Last week I had the pleasure of attending the 52ndIDC HPC User Forum in Santa Fe, New Mexico. Here are my impressions…
Industry Shake Up
IBM’s pending sale of its x86 server business to Lenovo represents a major change in the market share distribution among OEMs. HP is set to be the sole leader in the space, with 3 players below it with about 15% share each. IBM will focus its contributions around non-x86 hardware platforms as well as software. Regardless, the x86 architecture will continue to dominate the market, and according to IDC, further increase its massive 80% share.
HPDA is Hot
High Performance Data Analysis, or IDC’s definition of Big Data meeting HPC, is heating up faster than any segment in the market. Enterprise analytics will continue to pull HPC into mainstream commercial applications. We are looking forward to delivering purpose built solutions that outperform traditional Enterprise infrastructure, and solve real problems. IDC also predicts HPC growth as a whole will continue to outpace commodity Enterprise growth, as low end buyers are back into growth mode in 2014.
The New Arms Race
HPC is a major part of the economic race that has replaced the cold war arms race internationally. With all this attention, however, HPC sites are now having to demonstrate ROI given the high cost of supercomputers (USD $200-$500 million in CAPEX alone), which leads to industrial partnerships. The race to Exascale is dominating the international competition, with both bragging rights and real scientific progress on the line. However, it’s a complicated problem that is starting to highlight software architecture as one of the major barriers. Intel believes jobs that run as Exascale will have on the order of 1 billion(+) execution threads! It’s no wonder coprocessors were used in 77% of sites in 2013, with NVIDIA leading the pack. Despite remaining barriers in skills and applications, purchasing intent is strong for NVIDIA GpGPUs and Intel Phi, with FPGA in 3rd place.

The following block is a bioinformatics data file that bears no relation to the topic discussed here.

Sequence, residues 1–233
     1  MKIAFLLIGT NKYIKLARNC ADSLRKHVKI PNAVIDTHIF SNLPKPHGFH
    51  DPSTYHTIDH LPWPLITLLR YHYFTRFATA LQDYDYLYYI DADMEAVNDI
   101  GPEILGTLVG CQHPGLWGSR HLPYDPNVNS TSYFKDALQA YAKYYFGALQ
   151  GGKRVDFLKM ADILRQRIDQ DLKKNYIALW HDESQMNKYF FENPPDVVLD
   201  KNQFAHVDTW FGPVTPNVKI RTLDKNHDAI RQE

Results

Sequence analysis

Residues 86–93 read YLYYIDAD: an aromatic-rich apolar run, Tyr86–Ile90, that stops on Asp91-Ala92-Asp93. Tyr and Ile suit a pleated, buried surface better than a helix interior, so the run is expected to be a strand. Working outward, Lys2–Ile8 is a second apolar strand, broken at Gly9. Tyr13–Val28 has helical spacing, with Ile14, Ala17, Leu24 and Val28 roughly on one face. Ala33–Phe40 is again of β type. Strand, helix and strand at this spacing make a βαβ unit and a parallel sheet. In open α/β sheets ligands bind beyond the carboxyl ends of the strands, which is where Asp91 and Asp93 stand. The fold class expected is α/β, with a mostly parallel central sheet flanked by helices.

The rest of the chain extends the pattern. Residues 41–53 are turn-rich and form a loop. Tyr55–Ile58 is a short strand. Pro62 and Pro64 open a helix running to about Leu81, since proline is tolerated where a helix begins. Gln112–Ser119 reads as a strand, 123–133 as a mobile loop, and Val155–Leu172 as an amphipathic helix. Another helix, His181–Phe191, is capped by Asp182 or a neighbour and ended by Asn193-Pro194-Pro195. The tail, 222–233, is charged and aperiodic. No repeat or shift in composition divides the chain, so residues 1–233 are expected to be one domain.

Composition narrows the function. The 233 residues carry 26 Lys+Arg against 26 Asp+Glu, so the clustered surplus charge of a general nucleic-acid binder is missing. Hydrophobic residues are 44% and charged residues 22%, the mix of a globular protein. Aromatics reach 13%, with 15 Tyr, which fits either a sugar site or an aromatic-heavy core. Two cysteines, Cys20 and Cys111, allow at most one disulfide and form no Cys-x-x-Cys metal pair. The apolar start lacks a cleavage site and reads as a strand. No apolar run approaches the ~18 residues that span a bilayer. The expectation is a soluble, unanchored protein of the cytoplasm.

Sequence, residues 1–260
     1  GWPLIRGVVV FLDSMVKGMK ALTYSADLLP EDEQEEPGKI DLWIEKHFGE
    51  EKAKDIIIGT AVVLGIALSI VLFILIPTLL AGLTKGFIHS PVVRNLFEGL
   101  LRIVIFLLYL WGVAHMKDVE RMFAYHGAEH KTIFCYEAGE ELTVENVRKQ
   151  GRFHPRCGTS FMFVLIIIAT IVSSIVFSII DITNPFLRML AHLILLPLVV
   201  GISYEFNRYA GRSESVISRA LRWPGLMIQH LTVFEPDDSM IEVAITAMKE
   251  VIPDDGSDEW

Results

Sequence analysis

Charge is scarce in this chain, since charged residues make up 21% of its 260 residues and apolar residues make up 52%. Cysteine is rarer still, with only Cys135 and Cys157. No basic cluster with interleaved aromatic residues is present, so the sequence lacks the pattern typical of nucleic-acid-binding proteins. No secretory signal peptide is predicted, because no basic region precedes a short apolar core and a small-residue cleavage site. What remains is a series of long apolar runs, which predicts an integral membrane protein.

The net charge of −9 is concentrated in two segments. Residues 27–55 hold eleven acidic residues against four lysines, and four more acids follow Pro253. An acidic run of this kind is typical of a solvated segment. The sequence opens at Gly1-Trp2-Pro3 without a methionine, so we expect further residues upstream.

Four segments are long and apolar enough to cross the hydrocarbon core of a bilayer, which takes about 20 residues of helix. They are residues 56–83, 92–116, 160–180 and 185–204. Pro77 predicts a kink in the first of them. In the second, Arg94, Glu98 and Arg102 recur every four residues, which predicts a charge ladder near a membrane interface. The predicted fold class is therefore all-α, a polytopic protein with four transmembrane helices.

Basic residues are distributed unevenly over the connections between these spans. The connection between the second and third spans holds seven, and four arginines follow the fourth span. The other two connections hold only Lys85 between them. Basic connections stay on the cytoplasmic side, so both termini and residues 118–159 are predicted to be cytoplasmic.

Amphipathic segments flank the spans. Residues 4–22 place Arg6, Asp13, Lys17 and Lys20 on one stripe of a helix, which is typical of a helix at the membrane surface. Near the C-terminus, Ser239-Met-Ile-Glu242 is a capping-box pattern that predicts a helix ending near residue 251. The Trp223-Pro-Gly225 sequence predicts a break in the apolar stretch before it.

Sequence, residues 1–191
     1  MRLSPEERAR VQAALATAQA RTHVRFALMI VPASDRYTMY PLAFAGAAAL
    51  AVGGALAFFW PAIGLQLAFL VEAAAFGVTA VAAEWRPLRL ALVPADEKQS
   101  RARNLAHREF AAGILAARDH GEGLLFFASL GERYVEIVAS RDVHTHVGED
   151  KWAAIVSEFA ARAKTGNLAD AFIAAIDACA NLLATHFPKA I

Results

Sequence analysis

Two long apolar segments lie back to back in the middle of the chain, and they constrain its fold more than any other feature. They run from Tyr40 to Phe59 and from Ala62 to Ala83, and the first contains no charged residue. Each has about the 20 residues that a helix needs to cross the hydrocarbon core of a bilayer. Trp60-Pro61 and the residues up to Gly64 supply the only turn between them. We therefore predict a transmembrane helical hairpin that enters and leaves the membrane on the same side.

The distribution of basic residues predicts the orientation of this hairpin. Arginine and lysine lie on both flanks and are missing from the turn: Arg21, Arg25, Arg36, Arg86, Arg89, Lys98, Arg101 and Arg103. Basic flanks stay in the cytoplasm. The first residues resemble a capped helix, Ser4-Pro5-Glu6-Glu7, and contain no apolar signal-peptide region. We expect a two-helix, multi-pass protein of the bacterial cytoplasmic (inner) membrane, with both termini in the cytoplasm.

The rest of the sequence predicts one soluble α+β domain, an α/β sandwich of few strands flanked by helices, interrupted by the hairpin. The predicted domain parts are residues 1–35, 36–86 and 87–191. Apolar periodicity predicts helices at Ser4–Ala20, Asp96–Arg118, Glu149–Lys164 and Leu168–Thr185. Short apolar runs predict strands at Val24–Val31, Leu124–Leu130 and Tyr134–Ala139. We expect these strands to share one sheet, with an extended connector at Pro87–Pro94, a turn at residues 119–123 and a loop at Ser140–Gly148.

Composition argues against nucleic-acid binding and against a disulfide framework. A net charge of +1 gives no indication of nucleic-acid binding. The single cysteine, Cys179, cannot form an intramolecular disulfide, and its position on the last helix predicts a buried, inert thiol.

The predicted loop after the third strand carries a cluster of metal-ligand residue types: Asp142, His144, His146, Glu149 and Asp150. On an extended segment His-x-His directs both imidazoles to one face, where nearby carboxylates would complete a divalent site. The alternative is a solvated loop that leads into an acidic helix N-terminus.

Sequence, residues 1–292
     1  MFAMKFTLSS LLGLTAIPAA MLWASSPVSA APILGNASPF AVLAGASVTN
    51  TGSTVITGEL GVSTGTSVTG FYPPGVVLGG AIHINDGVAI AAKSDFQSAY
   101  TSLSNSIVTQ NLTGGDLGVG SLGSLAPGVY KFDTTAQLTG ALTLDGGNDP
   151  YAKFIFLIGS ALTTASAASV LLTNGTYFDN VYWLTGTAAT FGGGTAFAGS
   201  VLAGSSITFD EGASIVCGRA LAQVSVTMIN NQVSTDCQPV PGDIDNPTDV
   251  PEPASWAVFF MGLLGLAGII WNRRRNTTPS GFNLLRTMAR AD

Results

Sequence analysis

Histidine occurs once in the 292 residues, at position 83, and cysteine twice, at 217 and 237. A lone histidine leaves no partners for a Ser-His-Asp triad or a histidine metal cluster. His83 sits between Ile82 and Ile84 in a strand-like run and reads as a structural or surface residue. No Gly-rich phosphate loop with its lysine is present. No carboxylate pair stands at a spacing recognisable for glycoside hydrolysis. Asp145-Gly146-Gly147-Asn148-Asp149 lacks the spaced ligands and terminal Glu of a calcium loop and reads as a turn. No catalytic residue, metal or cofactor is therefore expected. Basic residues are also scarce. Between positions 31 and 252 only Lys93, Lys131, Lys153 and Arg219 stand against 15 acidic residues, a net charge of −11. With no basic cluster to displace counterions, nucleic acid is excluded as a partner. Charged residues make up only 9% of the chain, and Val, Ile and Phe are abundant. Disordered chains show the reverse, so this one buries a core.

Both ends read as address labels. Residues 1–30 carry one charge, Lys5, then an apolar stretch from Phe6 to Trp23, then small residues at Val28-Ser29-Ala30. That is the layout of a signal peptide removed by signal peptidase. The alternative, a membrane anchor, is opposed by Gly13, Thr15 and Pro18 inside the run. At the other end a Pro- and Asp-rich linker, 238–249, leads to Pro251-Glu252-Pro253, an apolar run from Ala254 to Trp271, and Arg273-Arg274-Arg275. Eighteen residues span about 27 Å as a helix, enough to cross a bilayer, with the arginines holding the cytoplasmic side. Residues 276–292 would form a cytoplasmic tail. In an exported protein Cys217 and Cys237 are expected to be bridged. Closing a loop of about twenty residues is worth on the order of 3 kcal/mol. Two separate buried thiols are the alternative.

Cloud HPC is Growing
IDC expects the public cloud for HPC to experience steady growth. In 2013, 23.5% of HPC workloads ran in the public cloud, up from 13.8% in 2011. At Nimbix, we see this as a result of the emphasis on software architectures, to handle both scale and cost efficiencies. While the HPC User Forum marveled at the centers scaling jobs to thousands of cores, the “Missing Middle” continued to be in the spotlight. For example, while one lab discussed running a 16,000 core Ansys Fluent job, the majority of all such jobs run painfully on 8 core desktop computers out of necessity. The market is looking to the cloud to address the 128-512 core requirements most users have for these jobs.
A major theme at the HPC User Forum was the importance of industrial engagement for centers, as a key to long term sustainability. Unfortunately, many obstacles separate academia and industry, including cultural issues, staffing, confidentiality, etc. Centers need major improvements in project management and service delivery practices. We heard good examples of public/private partnerships from NCSA and Los Alamos National Laboratory. The model works best when problems can be solved for multiple customers, leveraging both consulting and cycles as the keys to success.
The Coolest Tech Presented at the HPC User Forum
My vote goes to the two-phase immersion cooling from 3M and SGI, which can reduce energy cost by 95%. 3M’s Novec™ Engineered Fluid, which boils at a balmy 49 degrees centigrade, replaces water for cooling SGI’s systems. Its low boiling point keeps immersed boards cool, and is recycled for constant use.
IDC’s 52nd HPC User Forum was a meeting of the minds of the space, with a watchful eye toward the future. Mega Trends like Big Data/Analytics and Cloud Computing continue to broaden the adoption of this amazing technology to solve real problems faster than ever before.